It’s a pager sized device that holds insulin. A small tube runs from the device into your body delivering insulin continuously (this constant delivery is known as “basal” insulin). When you eat , you push a sequence of buttons to deliver a lump sum of insulin to cover the carbohydrate content of the meal (this is called a “bolus”). You may also bolus just to correct for high blood sugars.
Does a needle stay in me all the time?
The small tube in your body is placed with an “introducer needle”. The needle is then withdrawn leaving a soft, flexible cannula (tube) under the skin (this is your “infusion site”). Most people don’t even feel the cannula once it’s in place. You also have the option to use an infusion set where the needle stays in.
Is the cannula something the Doctor puts in?
No. You will insert your own infusion sets at home. It’s similar to giving an injection. You’ll need to do this at every two to three days.
What kind of insulin do pumps use?
Pumps are filled with only rapid acting insulin (Humalog, Novolog or Apidra). You will no longer be using any long acting insulin. The pump most closely replicates the body’s output of insulin by giving little bits of rapid acting insulin continuously.
Do I have to wear my pump all the time?
You can be disconnected from most pumps up to 2 hours. You will not be able to disconnect from “patch pumps” like the Omnipod. Remember, you have no long acting insulin in your body and the fast acting wears off in 2-4 hours. Without insulin, you will produce ketones (a potentially dangerous situation) within hours. Occasionally people take “pump vacations”. This involves coming off of your pump and going back onto shots (both long and short acting insulins) for a time.
Will it give me perfect blood sugars?
No. You’ll still have highs and lows but hopefully fewer than what you have now. The pump’s just a tool. Your wise use of it is what can make it a success.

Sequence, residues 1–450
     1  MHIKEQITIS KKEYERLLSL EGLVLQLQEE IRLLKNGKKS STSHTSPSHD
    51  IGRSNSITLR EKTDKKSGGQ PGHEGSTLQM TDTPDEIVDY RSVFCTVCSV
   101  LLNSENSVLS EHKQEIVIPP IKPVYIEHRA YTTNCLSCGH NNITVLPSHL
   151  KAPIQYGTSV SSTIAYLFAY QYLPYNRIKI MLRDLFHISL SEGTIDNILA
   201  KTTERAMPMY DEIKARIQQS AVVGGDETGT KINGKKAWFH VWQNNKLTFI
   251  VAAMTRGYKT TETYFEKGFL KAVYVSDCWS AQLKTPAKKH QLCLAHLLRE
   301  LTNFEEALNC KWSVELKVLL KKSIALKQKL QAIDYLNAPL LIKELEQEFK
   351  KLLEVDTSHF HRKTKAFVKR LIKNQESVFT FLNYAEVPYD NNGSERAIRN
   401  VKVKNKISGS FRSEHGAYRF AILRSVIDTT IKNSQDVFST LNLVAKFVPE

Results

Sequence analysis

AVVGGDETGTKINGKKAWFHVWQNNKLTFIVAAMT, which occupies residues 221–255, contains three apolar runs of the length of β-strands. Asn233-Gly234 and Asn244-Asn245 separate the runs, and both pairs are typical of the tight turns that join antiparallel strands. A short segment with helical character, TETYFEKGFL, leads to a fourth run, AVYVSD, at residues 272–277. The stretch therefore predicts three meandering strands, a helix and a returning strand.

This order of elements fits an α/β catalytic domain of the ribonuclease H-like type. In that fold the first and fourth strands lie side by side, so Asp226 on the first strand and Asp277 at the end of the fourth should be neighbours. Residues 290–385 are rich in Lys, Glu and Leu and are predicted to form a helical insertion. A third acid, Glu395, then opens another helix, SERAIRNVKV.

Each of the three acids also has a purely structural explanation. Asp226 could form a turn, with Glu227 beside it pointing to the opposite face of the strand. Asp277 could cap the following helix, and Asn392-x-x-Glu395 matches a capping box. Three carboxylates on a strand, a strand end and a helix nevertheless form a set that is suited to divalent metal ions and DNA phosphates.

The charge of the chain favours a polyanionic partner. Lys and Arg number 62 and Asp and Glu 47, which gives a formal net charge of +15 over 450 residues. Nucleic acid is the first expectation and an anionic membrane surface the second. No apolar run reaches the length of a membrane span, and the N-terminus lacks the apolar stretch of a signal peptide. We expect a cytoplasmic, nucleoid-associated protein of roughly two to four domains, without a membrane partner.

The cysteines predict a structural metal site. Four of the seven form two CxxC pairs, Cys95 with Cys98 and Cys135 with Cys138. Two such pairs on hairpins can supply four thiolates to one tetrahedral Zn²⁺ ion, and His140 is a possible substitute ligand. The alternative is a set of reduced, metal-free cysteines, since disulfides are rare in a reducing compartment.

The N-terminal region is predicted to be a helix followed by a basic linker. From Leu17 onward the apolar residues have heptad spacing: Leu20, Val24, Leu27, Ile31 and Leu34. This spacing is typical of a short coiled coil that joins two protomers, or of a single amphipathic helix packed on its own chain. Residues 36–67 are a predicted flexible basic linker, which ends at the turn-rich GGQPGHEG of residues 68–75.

Does it test my blood sugars and give me insulin automatically?
No. You still have to test. In fact, testing 4 times daily minimum (breakfast, lunch, dinner, bedtime) is a prerequisite for going on the pump (most “pumpers” test 6 to 8 times a day). Then you have to push the buttons to deliver insulin in response to the numbers you get.
Do pumps ever accidentally deliver the wrong dose?
Pumps all have safety systems in them that keep them from delivering any insulin other than what you request.
There will be times when the pump is unable to deliver insulin (ex. out of insulin, dead battery, kinked tubing, pump malfunction). This requires an injection of insulin with a standard syringe to prevent ketones from developing.
How much do they cost?
Pumps cost between $3000 and $6500. The supplies to operate them are another $200 - $400 a month. Most of these expenses are covered by insurance under your Durable Medical Equipment benefits. It’s important to check with your insurance provider about coverage.
Where can I learn more about pumps?
The book, “Understanding Insulin Pumps and Continuous Glucose Monitors” by H. Peter Chase, MD is a great resource. It’s available online at www.Children’sDiabetesFdn.org or it can be purchased at the front desk of The Barbara Davis Center for $15. Chapter 26 in the “Understanding Diabetes” (Pink Panther) book is a nice introduction to “pumping”. It’s also available at the website or at our front desk for $25. In addition, there are many websites such as childrenwithdiabetes.com or the pump company sites that have lots of useful information.
What do I have to do to get one?
First, you need to discuss with your doctor if a pump is right for you. You’ll need to be testing a minimum of 4 times daily and dosing your rapid acting insulin using carb to insulin ratios. Then, you’ll need to choose a pump. Your Doctor may recommend a specific brand. You can also research them yourself. Following are the 3 pumps we use (because they’re all reliable and downloadable):